• Add a background. This could be in the form of a “setting” or it could be because of the way the three images connect with one another or it could be a stylistic reference, graphic novel look, expressionism, graffiti, etc. Crop in on the group to create a more dynamic composition.
  • Find a quotation from each of your famous people. They should have something in common with one another, similar words, similar topic, etc.—same topic.
  • Create a quotation for yourself based on the wording and sentiment of the first two. Imagine if the three of you were together having a conversation. Your quote is essentially what you might say in that conversation.
  • Arrange the typography of each quote so that they integrate with the images. Choice of typeface, placement, size, etc. are prime influences on doing this successfully.
  • Create bleed area (main menu»Document Setup»bleed».125″)
  • extend (bleed) all image parts that go to edges of your paper out to the red line (bleed area surrounding the artboard)
  • Save As, again and name “Final print + your name”
  • Be sure to make a backup copy of this file


Below are various examples of portraits completed in some sort of posterized style. they are meant to give you some ideas about color or composition or style. They are not meant as literal examples of this assignment.




Your Final Presentation/Printing

For the Epson 4900 be sure to do the following:

  • Use ISO numbers when specifying  paper size. For example, select Super A3/B (Sheet) as the paper size for 13 x 19 inch paper. 
  • If printing 12 x 18 images with bleeds to Super A3B paper (sheet), select “fit to page” under the General Print settings to print all trim marks.

Optional Additional Step V—Gradient Mesh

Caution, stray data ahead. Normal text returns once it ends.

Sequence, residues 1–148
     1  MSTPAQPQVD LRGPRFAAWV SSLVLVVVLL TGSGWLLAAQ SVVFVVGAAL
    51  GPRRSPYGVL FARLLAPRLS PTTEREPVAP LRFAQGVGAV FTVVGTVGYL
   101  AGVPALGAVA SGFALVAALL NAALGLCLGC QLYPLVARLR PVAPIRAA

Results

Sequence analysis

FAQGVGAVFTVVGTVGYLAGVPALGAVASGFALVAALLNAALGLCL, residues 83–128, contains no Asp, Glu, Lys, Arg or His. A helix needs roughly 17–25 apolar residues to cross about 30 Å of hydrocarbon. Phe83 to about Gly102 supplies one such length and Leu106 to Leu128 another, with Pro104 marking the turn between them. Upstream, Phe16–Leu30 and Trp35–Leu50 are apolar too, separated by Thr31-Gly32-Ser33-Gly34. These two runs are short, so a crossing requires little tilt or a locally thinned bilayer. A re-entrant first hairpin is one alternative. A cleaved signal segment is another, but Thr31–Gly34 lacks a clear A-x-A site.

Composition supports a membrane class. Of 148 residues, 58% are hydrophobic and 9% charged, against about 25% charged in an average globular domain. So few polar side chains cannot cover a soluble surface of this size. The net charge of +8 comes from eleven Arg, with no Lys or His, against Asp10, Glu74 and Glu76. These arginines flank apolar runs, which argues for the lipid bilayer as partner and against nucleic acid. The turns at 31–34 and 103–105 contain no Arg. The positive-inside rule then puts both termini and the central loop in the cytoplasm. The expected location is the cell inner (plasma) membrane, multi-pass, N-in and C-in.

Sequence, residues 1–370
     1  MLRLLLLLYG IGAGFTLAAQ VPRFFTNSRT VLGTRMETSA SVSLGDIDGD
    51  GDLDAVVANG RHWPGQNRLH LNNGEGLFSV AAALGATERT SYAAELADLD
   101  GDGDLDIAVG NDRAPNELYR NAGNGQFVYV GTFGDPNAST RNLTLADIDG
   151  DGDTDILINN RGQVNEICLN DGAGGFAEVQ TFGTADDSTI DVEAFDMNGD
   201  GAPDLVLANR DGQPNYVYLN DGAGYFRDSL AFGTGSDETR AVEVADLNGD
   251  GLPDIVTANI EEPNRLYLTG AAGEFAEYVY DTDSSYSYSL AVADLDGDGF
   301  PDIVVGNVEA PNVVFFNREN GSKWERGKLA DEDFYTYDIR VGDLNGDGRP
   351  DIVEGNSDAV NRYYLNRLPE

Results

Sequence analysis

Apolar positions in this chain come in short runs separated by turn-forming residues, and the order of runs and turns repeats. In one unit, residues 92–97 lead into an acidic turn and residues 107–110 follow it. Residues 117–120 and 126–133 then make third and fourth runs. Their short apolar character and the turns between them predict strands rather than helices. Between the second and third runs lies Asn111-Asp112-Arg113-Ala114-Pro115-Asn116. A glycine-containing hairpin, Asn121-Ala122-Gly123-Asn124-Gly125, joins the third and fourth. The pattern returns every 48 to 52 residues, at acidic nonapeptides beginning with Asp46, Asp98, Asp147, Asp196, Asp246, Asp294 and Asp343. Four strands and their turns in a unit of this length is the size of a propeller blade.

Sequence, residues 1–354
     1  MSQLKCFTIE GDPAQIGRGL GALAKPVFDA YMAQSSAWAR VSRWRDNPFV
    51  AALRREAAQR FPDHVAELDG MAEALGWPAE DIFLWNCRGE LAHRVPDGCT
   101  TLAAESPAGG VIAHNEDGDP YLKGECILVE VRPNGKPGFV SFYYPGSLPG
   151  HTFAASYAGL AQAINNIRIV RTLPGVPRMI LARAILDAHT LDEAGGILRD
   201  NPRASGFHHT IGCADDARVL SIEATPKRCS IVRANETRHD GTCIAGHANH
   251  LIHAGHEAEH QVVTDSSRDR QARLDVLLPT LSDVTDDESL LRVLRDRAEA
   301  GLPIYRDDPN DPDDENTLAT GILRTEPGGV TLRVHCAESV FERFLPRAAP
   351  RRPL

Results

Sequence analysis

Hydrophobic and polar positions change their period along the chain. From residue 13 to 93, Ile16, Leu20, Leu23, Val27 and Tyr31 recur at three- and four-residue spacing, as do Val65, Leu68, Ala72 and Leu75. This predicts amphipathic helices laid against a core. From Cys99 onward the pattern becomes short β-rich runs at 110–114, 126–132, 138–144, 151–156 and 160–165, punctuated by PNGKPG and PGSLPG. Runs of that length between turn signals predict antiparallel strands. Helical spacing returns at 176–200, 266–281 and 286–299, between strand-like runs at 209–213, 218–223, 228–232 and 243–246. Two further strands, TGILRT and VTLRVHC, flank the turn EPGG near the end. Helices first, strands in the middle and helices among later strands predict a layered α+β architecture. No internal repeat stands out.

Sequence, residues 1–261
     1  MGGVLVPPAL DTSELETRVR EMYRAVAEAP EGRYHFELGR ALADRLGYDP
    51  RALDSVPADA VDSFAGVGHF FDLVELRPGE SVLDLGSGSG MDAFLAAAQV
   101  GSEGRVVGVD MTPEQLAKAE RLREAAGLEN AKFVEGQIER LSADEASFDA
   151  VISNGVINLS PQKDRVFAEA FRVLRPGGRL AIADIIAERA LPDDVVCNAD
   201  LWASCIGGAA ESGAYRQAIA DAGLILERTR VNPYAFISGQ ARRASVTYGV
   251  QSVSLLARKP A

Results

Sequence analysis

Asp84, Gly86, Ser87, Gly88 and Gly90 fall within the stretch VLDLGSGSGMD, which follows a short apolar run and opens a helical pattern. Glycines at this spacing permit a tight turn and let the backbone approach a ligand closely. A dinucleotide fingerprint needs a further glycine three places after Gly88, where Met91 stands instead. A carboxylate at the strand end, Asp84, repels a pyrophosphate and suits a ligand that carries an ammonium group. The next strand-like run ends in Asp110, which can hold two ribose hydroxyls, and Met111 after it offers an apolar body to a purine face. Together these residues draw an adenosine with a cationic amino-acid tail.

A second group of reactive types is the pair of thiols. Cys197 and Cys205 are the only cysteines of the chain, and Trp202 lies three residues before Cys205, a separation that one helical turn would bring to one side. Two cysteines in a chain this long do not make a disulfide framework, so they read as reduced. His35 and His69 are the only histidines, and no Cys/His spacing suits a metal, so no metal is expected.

The purpose of this style optional step is realism. The gradient mesh tool is the single most effective tool in achieving this modeling/chiaroscuro effect. However, combinations of all gradient tools and special brushes are usually necessary to achieve a lifelike 3D form. Your 3 main tools or options for achieving shading in Illustrator are the mesh tool, the blending of two shapes, and the gradient fills. The blended shaded, versions of the morphs below relied heavily on the use of the gradient mesh.



Online tips and tutorials for getting the most from the Gradient MESH TOOL:

Keys to Step IV

  • First draw the main contour of the face, excluding hair, ears, beards, etc.
  • Change your color palette to Grayscale, not RGB or CMYK
  • Create Swatches of the 5 or 6 levels of gray and make those swatches global colors
  • Fill the face shape with a 50% gray value. Then lower its transparence (opacity) so that you can see the photographic image underneath.
  • Using the gradient mesh tool click once on the location of the main highlight, usually the tip of the nose.
  • Adjust the resulting mesh lines so that the vertical one follows the middle of the nose up through the center of the forehead and down through the middle of the lips and chin.
  • You may have to delete a shape contour point in order to reposition a mesh contour point. Then add the shape contour point back if necessary, now on the other side of the mesh point.
  • Generally, add as few mesh lines as possible. Add them by clicking on an already existing mesh line and on a point where other facial highlights occur, for example on the cheek bones. Adjust the lines as necessary to follow the basic bone structure of the face.
  • Add separate shapes for ears, lips, nose eyes on top of the main face mesh.
  • Use radial gradients or blended shapes, or gradient meshes on these smaller individual feature shapes to give them dimension.
  • Smooth the value between these added features and the main mesh by sampling the values with the eyedropper. Then fine tune by adjusting points, and using feathering.
  • Hair and beards, can be created with the watercolor brushes. Adjust weight and color (Value) of the brush shape for the best results.